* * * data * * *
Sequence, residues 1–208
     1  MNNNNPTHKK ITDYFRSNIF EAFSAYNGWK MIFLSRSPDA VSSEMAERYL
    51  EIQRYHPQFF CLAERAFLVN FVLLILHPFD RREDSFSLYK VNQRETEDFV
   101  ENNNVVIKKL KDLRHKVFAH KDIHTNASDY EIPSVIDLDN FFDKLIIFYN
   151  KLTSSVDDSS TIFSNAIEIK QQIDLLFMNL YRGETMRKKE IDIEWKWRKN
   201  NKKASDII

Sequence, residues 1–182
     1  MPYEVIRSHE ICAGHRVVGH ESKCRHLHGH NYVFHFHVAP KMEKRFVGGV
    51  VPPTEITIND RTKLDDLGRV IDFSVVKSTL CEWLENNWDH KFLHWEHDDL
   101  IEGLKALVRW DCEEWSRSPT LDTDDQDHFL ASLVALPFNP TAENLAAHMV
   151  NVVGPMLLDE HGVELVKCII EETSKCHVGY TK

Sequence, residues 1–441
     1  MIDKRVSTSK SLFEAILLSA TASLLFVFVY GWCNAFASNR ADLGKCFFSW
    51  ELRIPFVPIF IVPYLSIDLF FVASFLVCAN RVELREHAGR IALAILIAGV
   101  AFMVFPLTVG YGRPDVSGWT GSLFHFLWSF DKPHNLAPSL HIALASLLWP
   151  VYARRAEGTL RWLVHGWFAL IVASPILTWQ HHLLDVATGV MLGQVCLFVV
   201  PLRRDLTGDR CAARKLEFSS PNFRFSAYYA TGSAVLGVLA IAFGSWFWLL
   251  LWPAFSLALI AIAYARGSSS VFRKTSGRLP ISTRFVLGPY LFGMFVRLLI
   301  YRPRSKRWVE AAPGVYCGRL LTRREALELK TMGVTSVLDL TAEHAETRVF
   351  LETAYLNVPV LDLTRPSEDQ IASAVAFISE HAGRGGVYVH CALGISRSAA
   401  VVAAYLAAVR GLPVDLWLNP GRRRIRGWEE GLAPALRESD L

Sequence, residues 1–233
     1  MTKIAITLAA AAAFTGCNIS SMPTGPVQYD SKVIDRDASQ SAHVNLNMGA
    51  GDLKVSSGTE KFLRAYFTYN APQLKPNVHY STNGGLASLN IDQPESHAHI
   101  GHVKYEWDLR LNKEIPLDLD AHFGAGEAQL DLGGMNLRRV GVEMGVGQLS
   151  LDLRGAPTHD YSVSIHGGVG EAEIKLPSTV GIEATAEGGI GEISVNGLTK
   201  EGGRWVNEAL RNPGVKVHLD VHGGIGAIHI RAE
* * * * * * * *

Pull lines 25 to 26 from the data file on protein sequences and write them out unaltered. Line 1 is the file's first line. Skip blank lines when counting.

   101  GHVKYEWDLR LNKEIPLDLD AHFGAGEAQL DLGGMNLRRV GVEMGVGQLS
   151  LDLRGAPTHD YSVSIHGGVG EAEIKLPSTV GIEATAEGGI GEISVNGLTK